Isrow is not only important to NDSU Athletics for his talent and dedication as an athletic trainer, but also as a motivator and role model for student athletes and other staff. The mentality that Isrow has about hard work, loyalty and tradition is one of the most admired things about him. “The Marine’s are always faithful. What that means is that if you’re in a combat situation fighting and somebody gets shot you either have to take him with you, or you have to stay there and die with him. You can’t leave. And that’s the same thing I tried to get the players to understand. You put on the green and gold? You have to pay the price. You’re not going to quit. You’re not going to give up ever.” A speech by Isrow could get anybody fired up, it doesn’t matter what the situation might be. This man has a way with words. “In the Omaha game, which goes back a few years ago, Omaha was undefeated, and we had two losses already. I gave a speech, but that’s not the important part. The important part is they got the information from me that if you got hurt you got off the field. You don’t lay on the ground and tell me that you’re hurt bad, because if you’re really really hurt then you lay there, because our training staff is the best in the country… and that’s a proven fact. And when Lamar Gordon went down that time, he took a shot. When that guy hit him he went back and smacked his head on the ground. He rolled over, got on all fours and I watched him try to get up, and you can tell he’d been hit hard. He got up, because he wouldn’t lay there and came off the field. I think he waited two plays and went back in. He was hurt and took a hell of a shot again, so we pulled him out of the game. But he had fired all the rest of the players up, ‘Hey if he’s gonna not lay down, then I’m not gonna.’ I made a statement to the team and said, ‘When it comes to the fourth quarter and we do this, Omaha will have their heads down and walk off the field.’ I said, ‘We’ll have our heads up and we’ll run off the field.’ And that’s exactly what happened.”

Dr. Isrow has been an inspiration to athletes and students on and off the field. Always willing to listen and lend a hand, Izzy made long-standing connections with numerous individuals and has changed many lives. Isrow would help players with everything from helping them get furniture to giving meaningful advice. As a loved and trusted mentor for so many of the athletes and students that have come through NDSU, Izzy has received many tokens of appreciation. “We had gotten beat in ‘66 and we were coming back on the bus, and all of a sudden two of the captains said, ‘would you come to the back of the bus?’ I said, ‘Yeah.’ So I came back and they said, ‘We know you aren’t going to get a trophy this year and we know you ain’t gonna get a ring. But, we feel that you’ve done more for us on and off the field.’ It’s a little box, it says first aid on it, and it holds band-aids in it. It is gold. They said, ‘We just want you to know that this is how much you mean to us.’ Now you can’t evaluate that. Sometimes my kids would say, ‘I only took one band-aid.’ I would say, ‘If you take a band-aid again, I’m gonna ring your neck,’ Isrow said laughing. “They don’t understand,” he said.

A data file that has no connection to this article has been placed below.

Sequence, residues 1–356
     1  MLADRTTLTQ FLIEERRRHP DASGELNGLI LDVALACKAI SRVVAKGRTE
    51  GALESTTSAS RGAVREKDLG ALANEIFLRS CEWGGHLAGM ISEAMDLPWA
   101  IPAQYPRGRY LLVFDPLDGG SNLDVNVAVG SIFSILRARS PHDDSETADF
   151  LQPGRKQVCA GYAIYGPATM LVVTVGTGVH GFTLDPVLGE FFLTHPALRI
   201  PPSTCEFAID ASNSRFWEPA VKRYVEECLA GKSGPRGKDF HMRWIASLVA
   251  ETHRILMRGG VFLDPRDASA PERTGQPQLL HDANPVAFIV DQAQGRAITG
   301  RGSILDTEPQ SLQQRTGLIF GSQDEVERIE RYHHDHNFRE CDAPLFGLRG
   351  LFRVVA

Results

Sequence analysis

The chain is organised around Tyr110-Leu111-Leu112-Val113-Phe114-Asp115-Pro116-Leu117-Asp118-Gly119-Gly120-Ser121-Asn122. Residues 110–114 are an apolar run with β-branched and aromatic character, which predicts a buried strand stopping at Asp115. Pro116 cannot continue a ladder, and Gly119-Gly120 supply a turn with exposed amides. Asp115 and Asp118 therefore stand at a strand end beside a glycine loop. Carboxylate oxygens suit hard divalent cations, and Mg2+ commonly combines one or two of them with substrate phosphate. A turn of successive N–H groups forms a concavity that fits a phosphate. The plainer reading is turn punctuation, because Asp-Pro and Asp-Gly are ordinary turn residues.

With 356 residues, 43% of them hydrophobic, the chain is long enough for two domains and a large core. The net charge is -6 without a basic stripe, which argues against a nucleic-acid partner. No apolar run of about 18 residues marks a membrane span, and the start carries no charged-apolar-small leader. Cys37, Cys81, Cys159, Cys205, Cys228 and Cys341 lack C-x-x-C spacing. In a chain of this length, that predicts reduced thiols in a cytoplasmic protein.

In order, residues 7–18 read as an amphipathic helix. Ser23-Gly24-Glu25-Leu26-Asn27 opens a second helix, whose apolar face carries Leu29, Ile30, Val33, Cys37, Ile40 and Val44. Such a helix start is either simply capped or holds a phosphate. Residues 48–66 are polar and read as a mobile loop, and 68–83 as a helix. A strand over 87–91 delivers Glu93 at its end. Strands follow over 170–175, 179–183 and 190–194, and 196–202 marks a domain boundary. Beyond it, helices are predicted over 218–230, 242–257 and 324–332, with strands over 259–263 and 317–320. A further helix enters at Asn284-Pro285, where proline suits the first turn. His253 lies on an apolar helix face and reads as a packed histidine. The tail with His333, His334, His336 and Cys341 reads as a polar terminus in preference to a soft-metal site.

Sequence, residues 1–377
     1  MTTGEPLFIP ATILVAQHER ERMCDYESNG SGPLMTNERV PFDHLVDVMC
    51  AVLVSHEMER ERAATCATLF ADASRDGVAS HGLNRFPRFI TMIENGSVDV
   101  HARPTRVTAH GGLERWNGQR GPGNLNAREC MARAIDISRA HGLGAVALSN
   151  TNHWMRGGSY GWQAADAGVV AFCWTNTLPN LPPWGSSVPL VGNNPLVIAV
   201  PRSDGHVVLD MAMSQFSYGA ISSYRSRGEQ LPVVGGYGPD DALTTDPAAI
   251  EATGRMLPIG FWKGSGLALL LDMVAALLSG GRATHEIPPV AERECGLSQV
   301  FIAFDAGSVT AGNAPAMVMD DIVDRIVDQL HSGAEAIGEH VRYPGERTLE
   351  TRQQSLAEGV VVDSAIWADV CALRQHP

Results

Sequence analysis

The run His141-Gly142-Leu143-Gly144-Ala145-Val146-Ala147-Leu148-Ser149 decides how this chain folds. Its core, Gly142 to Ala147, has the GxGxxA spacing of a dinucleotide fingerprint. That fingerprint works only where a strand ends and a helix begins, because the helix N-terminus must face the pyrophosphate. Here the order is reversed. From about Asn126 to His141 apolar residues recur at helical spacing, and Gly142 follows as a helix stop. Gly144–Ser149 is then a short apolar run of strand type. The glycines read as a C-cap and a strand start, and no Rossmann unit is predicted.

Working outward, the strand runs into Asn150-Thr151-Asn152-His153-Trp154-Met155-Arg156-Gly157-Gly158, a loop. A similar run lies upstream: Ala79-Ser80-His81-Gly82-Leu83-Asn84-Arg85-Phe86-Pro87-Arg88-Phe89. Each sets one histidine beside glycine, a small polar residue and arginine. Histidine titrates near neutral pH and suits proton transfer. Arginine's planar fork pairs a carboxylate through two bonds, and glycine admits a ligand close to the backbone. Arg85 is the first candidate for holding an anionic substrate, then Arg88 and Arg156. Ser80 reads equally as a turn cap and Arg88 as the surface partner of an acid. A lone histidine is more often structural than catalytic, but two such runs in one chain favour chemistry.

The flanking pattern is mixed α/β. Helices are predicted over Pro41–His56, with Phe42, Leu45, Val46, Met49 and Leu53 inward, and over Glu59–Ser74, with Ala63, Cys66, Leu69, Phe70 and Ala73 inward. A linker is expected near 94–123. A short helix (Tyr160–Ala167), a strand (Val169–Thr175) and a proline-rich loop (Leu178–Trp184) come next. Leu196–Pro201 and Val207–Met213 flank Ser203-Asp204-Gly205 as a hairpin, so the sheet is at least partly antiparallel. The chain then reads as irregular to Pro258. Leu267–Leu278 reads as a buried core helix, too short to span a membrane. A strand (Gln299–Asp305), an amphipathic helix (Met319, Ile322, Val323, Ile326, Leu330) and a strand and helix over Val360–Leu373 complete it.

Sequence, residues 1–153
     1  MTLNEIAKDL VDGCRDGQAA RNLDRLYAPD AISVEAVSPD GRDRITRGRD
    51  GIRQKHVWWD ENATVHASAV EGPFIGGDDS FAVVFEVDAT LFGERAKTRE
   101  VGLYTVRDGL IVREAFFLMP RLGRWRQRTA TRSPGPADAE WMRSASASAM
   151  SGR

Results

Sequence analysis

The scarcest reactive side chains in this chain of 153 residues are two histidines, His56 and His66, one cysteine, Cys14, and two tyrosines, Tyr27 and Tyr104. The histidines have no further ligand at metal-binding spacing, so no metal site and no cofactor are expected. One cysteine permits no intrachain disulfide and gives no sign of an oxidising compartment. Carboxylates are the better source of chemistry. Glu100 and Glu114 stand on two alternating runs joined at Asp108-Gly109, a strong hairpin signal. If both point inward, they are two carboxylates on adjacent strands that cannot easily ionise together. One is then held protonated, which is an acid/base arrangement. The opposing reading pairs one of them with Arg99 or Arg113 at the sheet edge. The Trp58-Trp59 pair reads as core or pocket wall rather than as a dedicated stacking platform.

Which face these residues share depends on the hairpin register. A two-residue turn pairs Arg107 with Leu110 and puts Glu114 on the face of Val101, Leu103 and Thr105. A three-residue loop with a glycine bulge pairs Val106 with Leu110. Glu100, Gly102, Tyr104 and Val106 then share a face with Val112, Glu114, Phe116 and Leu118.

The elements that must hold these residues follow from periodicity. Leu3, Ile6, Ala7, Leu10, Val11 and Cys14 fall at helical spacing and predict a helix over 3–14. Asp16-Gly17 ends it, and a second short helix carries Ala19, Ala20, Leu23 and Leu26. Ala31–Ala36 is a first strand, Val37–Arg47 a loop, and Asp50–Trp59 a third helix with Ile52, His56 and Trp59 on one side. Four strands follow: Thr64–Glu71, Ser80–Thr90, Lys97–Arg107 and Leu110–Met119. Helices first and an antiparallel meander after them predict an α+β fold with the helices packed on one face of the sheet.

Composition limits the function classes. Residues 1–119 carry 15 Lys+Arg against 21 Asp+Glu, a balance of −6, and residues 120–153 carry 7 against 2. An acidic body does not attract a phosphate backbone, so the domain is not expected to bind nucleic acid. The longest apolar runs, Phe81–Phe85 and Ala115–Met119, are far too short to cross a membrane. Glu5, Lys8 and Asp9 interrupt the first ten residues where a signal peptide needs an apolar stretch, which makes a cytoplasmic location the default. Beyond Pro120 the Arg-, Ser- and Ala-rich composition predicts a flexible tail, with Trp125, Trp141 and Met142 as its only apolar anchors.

When he wasn’t treating player’s injuries, inspiring athletes to earn greatness or helping students off the field, Izzy was busy building the foundation for many of the most well known and important traditions that NDSU has today. This is the man who started Bison Pride. “I have to look at it just like the Marine Corp. Marine Corp pride is loyalty. That’s what I tell you…always faithful. You have to do what is required of you. You have to play the game and don’t worry about the other guy, because once you start you’re in trouble. If you listen to anyone on TV they always say it. If you start worrying about the other guys then we’re all in trouble. You’ve got to pay and do what you’re supposed to do. You’ve got to be loyal to what you’re doing. That’s what it’s all about. You’ve got to come to practice. You’ve got to do your thing. You can’t be late. That’s all part of it. It’s not one little word. It’s not one little thing. The things that are important, as a statement, are ‘Once a Bison, Always a Bison.’ Tradition. We don’t have to talk about tradition. We know what it is. Maybe somebody can’t explain it, but it has meaning to it. It’s part of your life.”

 Athletic Director, Gene Taylor on Izzy

“Well you know, he was over in the HNES Department when I came here. He was the head of the athletic training side of things. But, what I feel that he has done the most is he allowed us to be connected to some of the earlier guys involved with NDSU. The guys from the ’60’s. He’s really been a champion of keeping those guys and staying in touch with them, and getting them to stay connected with the athletic program. Some of them had begun to step away, some of them had felt that they were kind of forgotten a little bit, and Izzy did a great job of reconnecting us with them.”

“You could almost call him the father of the athletic training program, which he is. I think that Scott [Woken] would probably echo that. I think our program is one of the best in the country. Izzy built that thing from the ground up and takes a lot of pride in it, as does Scott.”

“Certainly that impact on our university has been huge.”

Director of Sports Medicine, Scott Wokken on Izzy.

“You know for us, and specifically for athletic training, not only athletics, he was pretty much the first athletic trainer in the state of North Dakota. He’s kind of considered the father of athletic training in the state of North Dakota. Starting here at NDSU in 1963, he was here for a long time. So pretty much everything that I’ve learned and that we teach the other trainers always goes back to Izzy. Certain rules, certain procedures, certain policies still to this day are a direct result of what we’ve learned from him. So that’s long standing when you think about it. He instilled in us, not only pride in athletics, but pride in athletic training. He was very very diligent and adamant that we act that way. Meaning that you take pride in what you’re doing, and when you take pride in what you’re doing, not only on the field but off the field, in our profession, but also in athletics. That was a daily thing for Izzy. You didn’t stray from that… you had no options. That’s just the way he was. That’s the way he taught us. To this day, certain things that happen in the training room, we call “Izzy-isoms” meaning as a direct result of what he taught us, or how he instilled it in us.”